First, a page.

July 15, 2014
For this project, everyone will be
using the same data.
S&P 500 index: vfinx
European stock index: veurx
Emerging markets fund: veiex
Long-term bond fund: vbltx
Short-term bond fund: vbisx
Pacific stock index: vpacx
Information on these funds is available
on the Yahoo! finance site. After typing in the sticker symbol and
retrieving the quote data, choose Profile to get a summary of the
fund. Please review each fund before doing any of the analysis below.
For the project you
will analyze 5 years of monthly
closing price data from the
end of May 2009 through
the end of May 2014.
The following R script file guides
you through the creation of the necessary R objects for the analysis of
the data in R
As in the homework assignments,
summarize your R work in a Word file. You will find it helpful to organize
your Excel results in a spreadsheet by task. That is, put all of the data in one
worksheet tab, put all the graphs in another, put the portfolio analysis
in another tab, etc. This will make it easier for you to print out
results. It is also helpful to use
names for your data and for certain results. This makes working with
formulas much easier and it also helps to eliminate errors in formulas
You will find it helpful to add text boxes in
your spreadsheet to organize comments etc.
Remember to save your work often as
Excel has a tendency to crash with large complicated spreadsheets. Also,
keep a back-up copy of your project.
I want you to give a formal write-up,
separate from the Excel spreadsheet analysis
and R statistical analysis. Treat this
write-up as a term-paper project. Typically, the
write-up is between 10 and 20 pages (double spaced with graphs and
tables). Your write up should consist of:
summary, which gives a brief summary of the main results using bullet
Sections that summarize the
results of your statistical analysis by topic (see below).
You may find it helpful to include parts of your spreadsheet and computer
output as part of your write-up. Alternatively, you
can refer to your spreadsheets for the quantitative results, graphs
Turn in the formal
write-up, as well as a print-out of your Excel spreadsheets
and R output, in a bound folder.
I have boxes of
projects from previous classes. Feel free to come by my office to look at
Exerpts from an
example class project:
Return calculations and Sample
Compute time plots of monthly
prices and returns
and comment. Are there any unusually large or small returns? Can you
identify any news events that may explain these unusual values? Give a
plot showing the growth of $1 in each of the funds over the five year
period (This is called an "equity curve"). Which fund gives the highest future value?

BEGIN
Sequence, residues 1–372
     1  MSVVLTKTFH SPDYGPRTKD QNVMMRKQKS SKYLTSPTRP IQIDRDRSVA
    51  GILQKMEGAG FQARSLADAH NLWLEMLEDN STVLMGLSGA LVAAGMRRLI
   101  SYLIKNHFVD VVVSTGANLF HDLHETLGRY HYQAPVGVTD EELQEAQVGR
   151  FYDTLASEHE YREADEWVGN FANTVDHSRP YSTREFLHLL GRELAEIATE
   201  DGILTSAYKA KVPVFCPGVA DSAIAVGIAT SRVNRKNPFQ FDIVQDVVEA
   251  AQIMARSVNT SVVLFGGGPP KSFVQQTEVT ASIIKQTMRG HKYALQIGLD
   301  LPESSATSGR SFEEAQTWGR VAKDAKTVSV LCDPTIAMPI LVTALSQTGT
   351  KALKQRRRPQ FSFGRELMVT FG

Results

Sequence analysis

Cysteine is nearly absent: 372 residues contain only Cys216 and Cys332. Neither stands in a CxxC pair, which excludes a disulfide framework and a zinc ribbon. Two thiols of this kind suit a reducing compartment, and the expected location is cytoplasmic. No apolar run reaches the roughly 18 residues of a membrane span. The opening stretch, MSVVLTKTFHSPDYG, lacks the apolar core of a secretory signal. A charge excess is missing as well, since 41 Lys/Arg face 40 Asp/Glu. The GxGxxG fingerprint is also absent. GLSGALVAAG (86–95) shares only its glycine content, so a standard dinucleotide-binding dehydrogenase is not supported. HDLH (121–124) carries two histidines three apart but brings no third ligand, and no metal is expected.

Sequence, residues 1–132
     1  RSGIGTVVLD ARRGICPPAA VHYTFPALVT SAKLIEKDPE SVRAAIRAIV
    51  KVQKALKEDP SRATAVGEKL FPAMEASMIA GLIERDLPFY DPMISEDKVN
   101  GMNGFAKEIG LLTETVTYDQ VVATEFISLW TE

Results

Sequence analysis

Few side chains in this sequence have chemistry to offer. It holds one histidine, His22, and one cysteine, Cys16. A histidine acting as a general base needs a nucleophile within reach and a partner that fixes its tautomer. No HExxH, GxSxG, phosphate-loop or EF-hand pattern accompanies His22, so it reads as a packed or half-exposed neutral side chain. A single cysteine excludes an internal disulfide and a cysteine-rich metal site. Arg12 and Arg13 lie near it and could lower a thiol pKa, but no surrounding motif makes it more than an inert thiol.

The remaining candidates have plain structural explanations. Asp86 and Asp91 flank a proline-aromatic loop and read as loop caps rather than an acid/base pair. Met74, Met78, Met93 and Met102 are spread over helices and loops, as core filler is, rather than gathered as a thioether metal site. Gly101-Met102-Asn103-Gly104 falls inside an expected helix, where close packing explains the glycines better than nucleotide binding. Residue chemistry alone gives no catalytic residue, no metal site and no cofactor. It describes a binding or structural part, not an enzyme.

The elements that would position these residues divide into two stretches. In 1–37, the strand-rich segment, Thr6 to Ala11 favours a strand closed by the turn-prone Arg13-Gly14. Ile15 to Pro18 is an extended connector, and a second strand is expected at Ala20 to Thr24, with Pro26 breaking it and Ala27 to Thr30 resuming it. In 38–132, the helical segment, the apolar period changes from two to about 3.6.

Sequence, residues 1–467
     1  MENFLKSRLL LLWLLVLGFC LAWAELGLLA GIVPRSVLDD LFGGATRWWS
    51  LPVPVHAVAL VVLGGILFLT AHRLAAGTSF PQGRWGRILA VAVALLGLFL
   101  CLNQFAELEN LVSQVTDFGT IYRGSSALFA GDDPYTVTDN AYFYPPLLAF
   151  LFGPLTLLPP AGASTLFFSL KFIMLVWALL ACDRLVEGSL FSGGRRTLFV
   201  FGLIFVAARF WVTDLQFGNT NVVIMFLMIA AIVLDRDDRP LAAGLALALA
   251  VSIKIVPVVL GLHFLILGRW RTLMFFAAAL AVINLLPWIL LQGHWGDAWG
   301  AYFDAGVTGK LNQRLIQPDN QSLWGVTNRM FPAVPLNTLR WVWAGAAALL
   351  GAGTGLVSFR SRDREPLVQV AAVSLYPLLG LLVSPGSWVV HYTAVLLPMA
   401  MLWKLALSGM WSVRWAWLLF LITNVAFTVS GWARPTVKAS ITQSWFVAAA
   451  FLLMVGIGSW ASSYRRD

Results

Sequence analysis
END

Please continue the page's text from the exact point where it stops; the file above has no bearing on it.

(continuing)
Are you surprised?
Create four panel
diagnostic plots containing histograms, smoothed density plots,
boxplots and qq-plots for each return
series and comment. Do
the returns look normally distributed? Are there any outliers in the
univariate descriptive statistics (mean,
variance, standard deviation, skewness, kurtosis, quantiles) for each return series and comment.
Which funds have the highest and lowest average return? Which funds
have the highest and lowest standard deviation? Which funds look most
and least normally distributed?
Using a monthly
risk free rate equal to
0.0004167 per month (which corresponds to a continuously
compounded annual rate of 0.5%),
compute Sharpe's slope for each asset. Which asset has the highest
Compute estimated standard errors
and form 95% confidence intervals for
the the estimates of the mean and standard deviation. Are these means
and standard deviations estimated very precisely? Which estimates are
more precise: the estimated means or standard deviations?
Convert the monthly sample means
into annual estimates by multiplying by 12 and convert the
monthly sample SDs into annual estimates by multiplying by the square
root of 12. Comment on the values of these annual numbers. Assuming
you get the average annual return every year for 5 years, how much
would $1 grow to after 5 years?
Compute and plot all pair-wise
scatterplots between your 6 assets. Briefly comment
on any relationships you see.
Compute the sample covariance matrix
of the returns on your six assets and comment on
the direction of linear association between the asset returns.
Compute the sample
of the returns on your six assets. Which assets are most highly
correlated? Which are least correlated?
Compute estimated standard errors and 95% confidence
intervals for your estimates. How precise are these correlation
estimates? Finally, based on the estimated correlation values do you
think diversification will reduce risk with these assets?
Assume that you have $100,000 to invest
starting at May 31, 2014. For each asset, determine the 1% and 5%
value-at-risk of the $100,000 investment over a one month investment
horizon based on the normal distribution using the estimated means and variances of your assets.
Which assets have the highest and lowest VaR at each horizon?
Using the monthly mean and standard deviation estimates, compute the
annualized mean (12 time monthly mean) and standard deviation (square root
of 12 time monthly std dev) and determine the 1% and 5% value-at-risk
of the $100,000 investment over a one year
Use the bootstrap to compute estimated
standard errors and 95% confidence intervals for your 5% VaR estimates.
Using these results, comment on the precision of your VaR estimates.
Repeat the VaR
analysis (but skip the bootstrapping), but this time use the empirical 1% and 5% quantiles of the return
distributions (which do not assume a normal distribution - this method is
often called historical simulation). How different are the results from
those based on the normal distribution? Note: it may not seem obvious how to
annualize the empirical quantile.